I recently stumbled across a truism that instantly saved me from most of the emotional head-butting that had become a daily feature of my relationship with Boo:
Children are crazy.
Consider this monologue, reported here as close to verbatim as possible: “Do you want to hear the song I just wrote about a horse named Rahm? It goes like this: I have a HORSE named RAHM OBAMA! A HORSE named RAHM OBAMA! I — wait just a minute! I forgot the WORDS! I forgot a song I made up MYSELF!” Then maniacal laughter and an announcement that the speaker needs to poop.
OK. Let’s just say you ran into someone on the street who talked like that. You’d immediately think, “This one’s a little nuts,” and if you’re like me you’d smile that benevolent, humoring smile and take up the semi-defensive posture we city-folk have mastered.
Empathy and safety, not engagement.
* * *
I’m not letting Boo use the big armchair at the head of the table and she’s pissed. I explain that since she can’t push that chair in, food threatens to spill all over when she uses it. We covered one chair specially and it’ll be hers until that happy day she manages not to spread her meal in a three-foot radius around her. I point all this out and, being three years old, Boo’s reaction is to scream.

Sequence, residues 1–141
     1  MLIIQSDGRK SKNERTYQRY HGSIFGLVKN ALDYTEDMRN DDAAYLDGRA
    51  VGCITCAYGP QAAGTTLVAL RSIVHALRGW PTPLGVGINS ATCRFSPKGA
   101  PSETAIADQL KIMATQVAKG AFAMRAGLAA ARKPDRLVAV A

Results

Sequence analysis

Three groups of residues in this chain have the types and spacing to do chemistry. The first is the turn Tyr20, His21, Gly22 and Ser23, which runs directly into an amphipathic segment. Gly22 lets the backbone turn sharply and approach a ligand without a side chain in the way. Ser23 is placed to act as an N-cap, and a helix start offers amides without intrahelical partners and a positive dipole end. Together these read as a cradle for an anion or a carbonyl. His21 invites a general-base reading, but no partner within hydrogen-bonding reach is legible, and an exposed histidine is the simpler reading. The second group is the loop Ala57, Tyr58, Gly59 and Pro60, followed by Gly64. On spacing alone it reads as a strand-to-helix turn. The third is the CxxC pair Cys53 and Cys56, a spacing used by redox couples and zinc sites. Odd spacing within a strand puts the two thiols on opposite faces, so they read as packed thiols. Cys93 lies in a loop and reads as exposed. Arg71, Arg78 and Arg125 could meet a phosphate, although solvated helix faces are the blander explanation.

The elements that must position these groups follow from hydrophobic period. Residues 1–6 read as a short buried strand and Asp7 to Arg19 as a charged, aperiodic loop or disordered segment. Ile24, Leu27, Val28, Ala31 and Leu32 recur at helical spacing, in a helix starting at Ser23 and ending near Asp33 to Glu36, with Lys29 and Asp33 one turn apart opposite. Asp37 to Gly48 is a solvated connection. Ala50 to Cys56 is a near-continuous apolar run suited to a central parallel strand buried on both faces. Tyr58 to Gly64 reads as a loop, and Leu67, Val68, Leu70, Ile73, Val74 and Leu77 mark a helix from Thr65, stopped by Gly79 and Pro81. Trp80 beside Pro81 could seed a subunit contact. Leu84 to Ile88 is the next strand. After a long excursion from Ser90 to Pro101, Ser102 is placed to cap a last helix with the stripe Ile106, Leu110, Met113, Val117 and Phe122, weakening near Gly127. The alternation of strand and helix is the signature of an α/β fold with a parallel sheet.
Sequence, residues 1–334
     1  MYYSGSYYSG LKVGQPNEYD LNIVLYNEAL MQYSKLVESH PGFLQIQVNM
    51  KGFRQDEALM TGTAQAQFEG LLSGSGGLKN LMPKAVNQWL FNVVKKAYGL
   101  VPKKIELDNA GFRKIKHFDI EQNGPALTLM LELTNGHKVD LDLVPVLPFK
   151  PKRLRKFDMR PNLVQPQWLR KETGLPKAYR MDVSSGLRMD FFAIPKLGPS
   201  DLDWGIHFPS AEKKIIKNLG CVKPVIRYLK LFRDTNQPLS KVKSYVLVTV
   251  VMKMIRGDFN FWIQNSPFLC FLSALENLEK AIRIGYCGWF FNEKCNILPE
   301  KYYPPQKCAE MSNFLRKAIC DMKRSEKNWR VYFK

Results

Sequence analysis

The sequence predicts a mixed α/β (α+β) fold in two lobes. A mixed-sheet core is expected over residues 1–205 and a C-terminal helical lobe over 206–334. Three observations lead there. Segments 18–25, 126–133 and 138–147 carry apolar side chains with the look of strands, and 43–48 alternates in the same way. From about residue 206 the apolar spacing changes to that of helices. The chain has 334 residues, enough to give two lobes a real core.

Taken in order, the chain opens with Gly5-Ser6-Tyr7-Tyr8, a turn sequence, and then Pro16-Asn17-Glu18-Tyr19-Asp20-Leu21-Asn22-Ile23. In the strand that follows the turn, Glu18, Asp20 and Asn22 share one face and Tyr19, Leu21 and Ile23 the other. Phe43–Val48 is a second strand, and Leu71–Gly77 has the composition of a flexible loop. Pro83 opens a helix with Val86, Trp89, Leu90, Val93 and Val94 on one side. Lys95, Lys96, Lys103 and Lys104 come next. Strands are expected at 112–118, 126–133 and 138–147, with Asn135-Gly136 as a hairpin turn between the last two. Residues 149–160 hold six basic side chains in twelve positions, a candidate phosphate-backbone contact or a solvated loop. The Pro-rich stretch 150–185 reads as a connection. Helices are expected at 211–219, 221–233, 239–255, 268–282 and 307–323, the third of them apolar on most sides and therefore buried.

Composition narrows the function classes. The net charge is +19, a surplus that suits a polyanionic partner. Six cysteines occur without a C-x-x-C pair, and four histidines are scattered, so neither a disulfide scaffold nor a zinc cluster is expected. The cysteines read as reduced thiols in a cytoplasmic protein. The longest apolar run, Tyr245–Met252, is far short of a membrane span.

Crazy, right? But it doesn’t bother me anymore because crazy is now what I expect!
So now Boo gets one logical explanation and if that’s not enough she might have to take a break in her room. But knowing what I now know — that children are crazy — I do not get angry, I do not yell or guilt trip or wheedle. I never count to more than three or back off from my position. And when the break is over, so is the issue: I don’t hold grudges.
My life has completely changed.
* * *
Now my only question is: when do kids become un-crazy? Especially since most days, I’m not quite sure I’ve reached complete sanity myself.